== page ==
But Monroe, who worked for 10 years in the school where the incident occurred, is pessimistic. The policy remains in place, and the damage has already been done. “My son was a perfectly normal, happy kid,” Monroe said. “He doesn’t trust anybody anymore.”
Likewise, though Huntsman and his lawyer, David Shores, sued the Newport-Mesa schools and won, tolerance in that school district is still next to zero. When a Superior Court judge ruled that the school board had violated Huntsman’s right to due process, the Newport-Mesa district changed its policy only slightly to allow for a disciplinary hearing before handing down verdicts.
Huntsman also filed civil suits against the police and the city, and another challenging the school district’s zero-tolerance policy as unconstitutional. But Kathleen Huntsman, Ryan’s mother, told me over the phone that they recently dropped these lawsuits and stopped talking to the press. “He wanted to get on with his life,” she said.
Over the past year, a raft of such radical organizations as the American Bar Association, Harvard Law School and, in May, Indiana University all made strong recommendations that schools dismantle their all-or-nothing discipline codes. But at Newport-Mesa, fear proved more powerful: In April, under pressure from parents who could not shake the specter of the recent shooting at Santee High School near San Diego, the district became one of the first in the nation to implement a zero-tolerance policy against bullying.
Students will be referred to counseling for a first offense, and then suspended or expelled if found disturbing “safe and harmonious relations” at the district. I wonder what they would have done with Eddie Haskell?
About 10 years back, I visited a midtown recording studio in New York City to talk with rock legend Ted Nugent about his rabid advocacy for hunters’ rights. After introducing me to Jack Blades (former Night Ranger) and Tommy Shaw (the voice of Styx), he produced a hunting bow he had brought along. He was showing me how to draw and target the thing when he was suddenly distracted by something happening outside the window.
“Look down there,” said the Motor City Madman, aiming the empty weapon at two figures huddled in an alley across the street. “If they’d give me a permit, I could whack crackheads all day from up here. That’d solve the drug problem real quick. Whack ’em and stack ’em.”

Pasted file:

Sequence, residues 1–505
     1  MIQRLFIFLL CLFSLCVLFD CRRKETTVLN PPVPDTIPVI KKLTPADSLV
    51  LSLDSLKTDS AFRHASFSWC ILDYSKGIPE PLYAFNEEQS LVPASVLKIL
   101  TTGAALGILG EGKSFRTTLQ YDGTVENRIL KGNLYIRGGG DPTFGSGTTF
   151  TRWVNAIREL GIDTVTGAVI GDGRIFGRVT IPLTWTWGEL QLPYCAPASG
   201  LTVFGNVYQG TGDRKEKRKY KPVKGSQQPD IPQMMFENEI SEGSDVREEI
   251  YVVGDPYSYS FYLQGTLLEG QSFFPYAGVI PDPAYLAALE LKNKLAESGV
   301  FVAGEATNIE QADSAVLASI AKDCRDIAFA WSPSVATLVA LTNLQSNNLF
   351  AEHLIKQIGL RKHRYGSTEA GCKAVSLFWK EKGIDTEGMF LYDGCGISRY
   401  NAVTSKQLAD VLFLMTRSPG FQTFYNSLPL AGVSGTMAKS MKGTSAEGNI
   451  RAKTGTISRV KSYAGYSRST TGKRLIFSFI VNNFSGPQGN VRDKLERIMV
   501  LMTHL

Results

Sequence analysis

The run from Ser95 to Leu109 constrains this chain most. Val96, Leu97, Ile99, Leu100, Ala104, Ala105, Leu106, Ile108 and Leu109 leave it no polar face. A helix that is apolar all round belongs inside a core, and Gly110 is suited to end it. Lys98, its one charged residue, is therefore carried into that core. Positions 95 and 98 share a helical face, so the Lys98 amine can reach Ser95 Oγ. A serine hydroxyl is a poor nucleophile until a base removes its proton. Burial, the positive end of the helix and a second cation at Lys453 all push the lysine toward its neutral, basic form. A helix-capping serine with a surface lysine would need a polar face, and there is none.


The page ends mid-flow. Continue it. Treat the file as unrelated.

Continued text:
It was an absurd notion, of course, but I had the feeling the Nuge was only half joking. And if you keep an eye on the headlines coming out of Washington, you’ll see he’s not alone. Maverick senator and media darling John McCain has gone on record advocating the death penalty for “drug kingpins.” And Dubya’s new drug-czar nominee, John Walters, has been gunning them down for almost a decade already.
Walters is widely regarded as the biggest Drug War hawk in Washington. As the deputy in charge of supply reduction under drug czar Bill Bennett during the first Bush administration, Walters dismissed efforts to reduce federal sentences for drug offenses, pressed for longer terms for marijuana violations and rejected federal subsidies for needle exchanges.
And, borrowing a page from Ted Nugent’s playbook, Walters was the architect of the Peruvian “shoot first” policy now under investigation by Congress. During recent hearings, the U.S. State Department testified that about 50 planes were destroyed during the 1990s. A couple of years ago, however, before this was a hot topic, General Charles Wilhelm testified for the U.S. Department of Defense that its last count was 123 planes. Whether any of the fliers truly are narco-traffickers is of course moot after they’re dead.
Bush may have a reputation as a dullard, but he was too crafty to name Walters without some sort of cover. Indeed, when the president outlined his approach to the Drug War at a White House news conference a couple of weeks ago, the * rhetoric was balanced with much discussion of prevention and treatment. But when it came to introducing Walters, Bush wrapped his soft talk around the old hard line, saying, “The only humane and compassionate response to drug use is a moral refusal to accept it.”
Advocates of a new strategy for the Drug War rose immediately to challenge the new czar. Arianna Huffington called it “an advanced case of rampant hypocrisy — the latest manifestation of the administration’s penchant for talking one kind of game while actually playing another.” Added Marc Mauer, assistant director of the Sentencing Project, a group fighting the use of mandatory minimum sentences, “I think any movement toward treatment is just designed to deflect criticism from the approach that [Walters] has been taking for many years now.”
Late in his life, in the science-fantasy novel The Place of Dead Roads, William S. Burroughs envisioned a world peopled by either “Johnsons” or “shits.” The Johnson is a classic American type, the kind of independent thinker lionized in John Ford Westerns and World War II comic books, a common-sense citizen who lives by his own lights and, in so doing, looks to protect his freedom and yours, too. The shit, by contrast, regards all that easygoing ambiguity as harboring evil. The shit has a pathological need to control, and instead of looking for space to be free, he’s looking for freedom to effect those controls. The ascendance of zero tolerance might be regarded as the triumph of the shits, a logical extension of our Puritan past. Today, the Johnsons are on the run.
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